Inventing the Future

What's in a name?: Application Collaboration

<%image(20090711-application-collaboration.png|433|347|Application Collaboration)%>
It has been hard to express the character of this new way of working through collaborative 3D virtual worlds. I’ve made lots of explorations of the many ideas, but two of the biggies have been that:

  1. Applications are shared by many people simultaneously. This does not mean just that one application program license can be used on many computers, or that copies of an application’s document can be passed around, although these are true. I think the unique thing is that the live combination of application/document can be used by many people simultaneously, as though looking over each other’s shoulder.
  2. Each person can use many applications simultaneously. This does not mean just that a user can switch between application windows on their own desktop, but rather that they can easily be arranged and used in a persistent context that is shared in real-time between users.

We call this “application collaboration” to distinguish it from other forms of collaboration that do not have this dual nature. I’m still wrestling with the term.

I think the above picture of today’s Forums gets at this very nicely. Below is a picture of Croquet from more than two years ago. It’s interesting to me that they are functionally equivalent, and yet today’s picture makes the point of application collaboration so much clearer in both picture and practice. (I showed the two pictures to my wife. She said it was my strength and my weakness that I could see that both were illustrating the same concept.)
<%image(20060507-multi.jpg|433|275|Croquet Application Collaboration)%>

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Inventing the Future

When worlds collide

Interesting juxtaposition between these two from overnight:

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Inventing the Future

Places, Everyone!

Related to the URL addressing concepts discussed here, there is the question of how to denote places within a 3D world. I really like having names for these.

A typically engineering way to map out locations in a model is with coordinates. There are a couple of problems with this.

Numbers are generally pretty meaningless to users. I hate dealing in part numbers or account numbers rather than product and account names. Numbers just aren’t as mnemonic as a single name, and in 3D it takes a lot of numbers (six numbers of several decimal positions each) to describe the position and orientation you need to be in so that you can see something of interest.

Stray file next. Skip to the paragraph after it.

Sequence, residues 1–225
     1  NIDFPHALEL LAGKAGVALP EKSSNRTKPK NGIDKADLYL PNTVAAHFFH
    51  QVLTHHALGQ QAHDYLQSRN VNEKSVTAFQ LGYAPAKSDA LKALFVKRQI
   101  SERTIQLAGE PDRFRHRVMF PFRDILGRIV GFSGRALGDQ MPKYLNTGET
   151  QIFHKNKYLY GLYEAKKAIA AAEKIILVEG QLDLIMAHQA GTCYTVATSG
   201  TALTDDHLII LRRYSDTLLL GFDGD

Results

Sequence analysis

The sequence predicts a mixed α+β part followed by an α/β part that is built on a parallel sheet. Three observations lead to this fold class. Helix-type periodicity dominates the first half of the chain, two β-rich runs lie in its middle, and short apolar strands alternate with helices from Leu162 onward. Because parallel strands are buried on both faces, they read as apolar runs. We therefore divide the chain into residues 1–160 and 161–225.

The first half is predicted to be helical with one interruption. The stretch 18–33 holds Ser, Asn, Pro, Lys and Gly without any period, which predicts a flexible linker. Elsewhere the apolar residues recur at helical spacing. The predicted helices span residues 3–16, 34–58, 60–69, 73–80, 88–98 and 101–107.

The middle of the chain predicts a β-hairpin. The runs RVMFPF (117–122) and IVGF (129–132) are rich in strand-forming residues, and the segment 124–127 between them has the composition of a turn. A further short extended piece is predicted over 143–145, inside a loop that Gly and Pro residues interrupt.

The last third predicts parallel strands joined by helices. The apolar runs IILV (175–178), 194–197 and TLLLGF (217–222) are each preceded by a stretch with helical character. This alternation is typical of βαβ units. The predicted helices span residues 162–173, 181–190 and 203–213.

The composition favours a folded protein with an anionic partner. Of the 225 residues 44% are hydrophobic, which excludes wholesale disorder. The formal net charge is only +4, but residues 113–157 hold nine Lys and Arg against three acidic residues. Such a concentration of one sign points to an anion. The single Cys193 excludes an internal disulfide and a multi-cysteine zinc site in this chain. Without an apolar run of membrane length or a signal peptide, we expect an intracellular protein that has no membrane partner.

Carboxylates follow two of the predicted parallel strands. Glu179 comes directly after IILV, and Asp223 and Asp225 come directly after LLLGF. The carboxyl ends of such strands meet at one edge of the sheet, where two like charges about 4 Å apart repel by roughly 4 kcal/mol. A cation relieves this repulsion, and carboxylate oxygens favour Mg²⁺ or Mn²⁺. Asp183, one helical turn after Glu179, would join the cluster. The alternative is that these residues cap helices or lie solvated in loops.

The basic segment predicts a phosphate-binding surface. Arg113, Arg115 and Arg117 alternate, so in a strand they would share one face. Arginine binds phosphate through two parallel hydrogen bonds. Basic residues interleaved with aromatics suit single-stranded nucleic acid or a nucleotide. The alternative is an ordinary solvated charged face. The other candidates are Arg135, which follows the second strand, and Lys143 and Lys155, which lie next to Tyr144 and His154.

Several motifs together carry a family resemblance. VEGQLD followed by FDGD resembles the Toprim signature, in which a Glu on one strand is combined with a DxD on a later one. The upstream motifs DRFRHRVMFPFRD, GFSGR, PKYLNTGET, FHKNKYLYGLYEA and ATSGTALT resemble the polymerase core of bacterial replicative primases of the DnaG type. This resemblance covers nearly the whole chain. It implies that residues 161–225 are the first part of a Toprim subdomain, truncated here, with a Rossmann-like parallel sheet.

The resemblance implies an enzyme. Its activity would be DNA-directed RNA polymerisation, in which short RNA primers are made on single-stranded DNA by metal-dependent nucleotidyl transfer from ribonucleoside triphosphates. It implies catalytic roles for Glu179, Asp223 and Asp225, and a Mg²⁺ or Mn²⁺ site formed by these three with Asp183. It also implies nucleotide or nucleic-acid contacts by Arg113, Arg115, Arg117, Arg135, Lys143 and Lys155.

Worse, a position and orientation are only interesting because of the things you can see and do there. If those things change (e.g., move, rotate, or change size), the coordinates for you to work with them are then different. We’re also interested in doing things in cooperation with other people. While it is true that unlike the physical world, several avatars can be in the same place, it is often cognitively and socially nicer to position a group of people around some item of interest rather than stacked up on top of each other.

Our client architect Brad Fowlow has led the development of several ways to address this by interactively or automatically creating a rather sophisticated set of named places from within-world.

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Inventing the Future

Being Seen

I’d been wondering whether anyone on our company’s Board of Directors knew who I was. I know a couple but it turns out most didn’t. But just before the last board meeting I ran into a director that I’m sure I had never been introduced to. He said, “Hi Howard” as we passed.

The only thing I can think of is that he must have recognized me from my avatar. I don’t remember now what I had worn when I had briefly participated in previous meeting. It could have been a photo- or video-faced “Lego man” or it could have been a custom avatar.
<%image(20090530-howard-lego.jpg|227|261|Video-faced Simple Avatar)%><%image(20090530-howard-jake.jpg|227|261|Custom Business)%><%image(20090530-howard-john.jpg|227|261|Custom Casual)%>

I haven’t been very interested in avatar appearance, but I guess there is value in having people build some personal familiarity without physically meeting. I don’t want cold-calls via virtual worlds, but I suppose that a scheduled virtual meeting or happenstance encounter in a virtual reception builds a stronger tie than email or telephone. I wonder how that will play out for sales and relationship-building in the future.